Saturday, August 20, 2011

When the Cops Raid the Brothel, Everyone is Arrested -- Including the Piano Player

From the Desk of Joe Rollins

I’ve spent many hours over the last several days watching the stock market reports and the carnage taking place in the international equity markets. On Thursday – due to a rumor that was reported – the U.S. stock market also suffered a major decline. The rumor basically asserted that the European banks were suffering liquidity issues and had to borrow money from the EU in order to meet their current liquidity needs. In a market as jumpy as this one, all it takes is an unfounded rumor to create a massive sell-off.

I am amazed by the bargains currently available on the stock market. The only two asset classes that have increased in recent weeks are U.S. Treasury bonds and, of all things, the commodity gold. About two weeks ago, the S&P downgraded the U.S.’s credit rating, and ever since that day U.S. Treasury bonds have (counter-intuitively) rallied dramatically. At one point on Thursday afternoon, a 10-year Treasury bond was selling below 2%, a rate so low that it hasn’t been seen in the U.S. since just after WWII.

Additionally, gold continues to skyrocket beyond any reasonable level. No one has been able to give any economic explanation for the rally in gold; it’s so overdone at this point that it’s almost laughable. It’s hard to laugh, however, when U.S. Treasury bonds and gold are the only two financial assets to have increased while everything else has seemingly thrown the baby out with the bath water. Who is going to buy your gold when all other assets are worthless?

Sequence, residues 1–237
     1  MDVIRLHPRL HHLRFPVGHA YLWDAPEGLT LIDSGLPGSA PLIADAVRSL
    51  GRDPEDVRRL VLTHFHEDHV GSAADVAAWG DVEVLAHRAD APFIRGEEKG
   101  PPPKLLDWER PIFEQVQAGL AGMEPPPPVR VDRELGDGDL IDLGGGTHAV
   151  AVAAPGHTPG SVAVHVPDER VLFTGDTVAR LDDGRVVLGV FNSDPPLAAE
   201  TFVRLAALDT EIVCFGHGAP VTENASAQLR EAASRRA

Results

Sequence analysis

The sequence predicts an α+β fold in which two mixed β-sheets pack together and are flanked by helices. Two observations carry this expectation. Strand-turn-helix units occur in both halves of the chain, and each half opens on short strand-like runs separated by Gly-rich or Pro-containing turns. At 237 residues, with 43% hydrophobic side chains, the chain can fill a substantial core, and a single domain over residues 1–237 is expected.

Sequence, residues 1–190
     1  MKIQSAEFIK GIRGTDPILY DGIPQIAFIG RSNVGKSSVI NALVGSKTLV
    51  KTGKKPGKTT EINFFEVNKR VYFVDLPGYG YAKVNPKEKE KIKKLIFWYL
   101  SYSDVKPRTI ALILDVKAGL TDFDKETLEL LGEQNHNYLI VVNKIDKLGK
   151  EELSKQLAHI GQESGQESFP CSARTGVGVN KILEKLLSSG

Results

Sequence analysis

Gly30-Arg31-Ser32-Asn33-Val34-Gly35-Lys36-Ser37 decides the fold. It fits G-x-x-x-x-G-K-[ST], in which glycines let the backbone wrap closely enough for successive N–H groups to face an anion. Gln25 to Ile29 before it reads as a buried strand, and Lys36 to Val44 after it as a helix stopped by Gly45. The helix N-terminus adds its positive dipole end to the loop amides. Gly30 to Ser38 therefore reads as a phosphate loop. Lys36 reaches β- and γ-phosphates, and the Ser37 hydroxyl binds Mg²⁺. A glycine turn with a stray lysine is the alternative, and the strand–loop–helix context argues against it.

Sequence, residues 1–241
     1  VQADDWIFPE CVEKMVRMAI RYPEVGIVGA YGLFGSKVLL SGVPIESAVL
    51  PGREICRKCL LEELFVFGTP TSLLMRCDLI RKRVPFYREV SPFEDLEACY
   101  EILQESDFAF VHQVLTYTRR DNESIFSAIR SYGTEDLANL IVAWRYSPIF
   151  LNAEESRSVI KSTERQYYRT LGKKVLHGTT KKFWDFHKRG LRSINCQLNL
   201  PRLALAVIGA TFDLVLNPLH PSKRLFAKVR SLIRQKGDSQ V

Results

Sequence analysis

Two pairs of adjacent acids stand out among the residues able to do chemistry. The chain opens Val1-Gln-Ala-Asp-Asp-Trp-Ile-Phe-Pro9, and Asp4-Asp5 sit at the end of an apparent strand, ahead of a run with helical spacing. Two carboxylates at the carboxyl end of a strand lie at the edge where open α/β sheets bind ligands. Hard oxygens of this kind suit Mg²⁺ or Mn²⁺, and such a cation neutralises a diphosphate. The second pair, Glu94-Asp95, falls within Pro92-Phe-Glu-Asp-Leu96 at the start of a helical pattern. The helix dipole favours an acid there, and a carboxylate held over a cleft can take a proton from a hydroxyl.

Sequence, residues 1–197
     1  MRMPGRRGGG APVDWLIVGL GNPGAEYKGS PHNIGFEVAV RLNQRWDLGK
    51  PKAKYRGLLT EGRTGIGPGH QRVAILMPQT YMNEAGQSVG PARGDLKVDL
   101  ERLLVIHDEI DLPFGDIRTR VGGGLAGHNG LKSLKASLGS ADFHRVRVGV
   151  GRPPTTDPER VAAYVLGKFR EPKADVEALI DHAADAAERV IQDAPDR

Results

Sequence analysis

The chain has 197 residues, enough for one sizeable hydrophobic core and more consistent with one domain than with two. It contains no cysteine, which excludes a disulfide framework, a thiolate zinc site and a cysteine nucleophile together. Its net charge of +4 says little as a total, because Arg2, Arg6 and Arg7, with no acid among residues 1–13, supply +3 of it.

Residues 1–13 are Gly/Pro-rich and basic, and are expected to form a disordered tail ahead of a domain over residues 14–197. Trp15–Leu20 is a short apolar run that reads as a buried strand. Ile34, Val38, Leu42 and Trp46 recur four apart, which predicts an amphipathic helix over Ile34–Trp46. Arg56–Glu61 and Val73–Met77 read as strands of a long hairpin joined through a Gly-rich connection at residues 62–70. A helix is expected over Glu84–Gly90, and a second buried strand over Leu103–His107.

It’s fairly easy to see that those who are selling the market nowadays are doing so indiscriminately. It makes no difference whether you have a high performing stock like Apple or a low performing stock like Hewlett-Packard – they’re all being sold. It also makes no difference whether a country is financially strong like Germany or if it is a weak, essentially bankrupt country like Greece – they’ve all suffered the same selling pressures. The point I’m trying to make is that it would be an unusual time, indeed, if every financial asset other than Treasury bonds and gold were essentially worthless. I’ve never believed that before and I don’t believe it today.

I couldn’t help but look into the valuations of two of the major bank stocks – CitiBank and Bank of America. CitiBank has an international franchise and $273 of cash for every share of its stock. Cash today on CitiBank’s balance sheet is approximately $800 billion. The book value per share of its common stock is $60.33. However, today it’s selling for $27.84/share – less than 50% of its book value.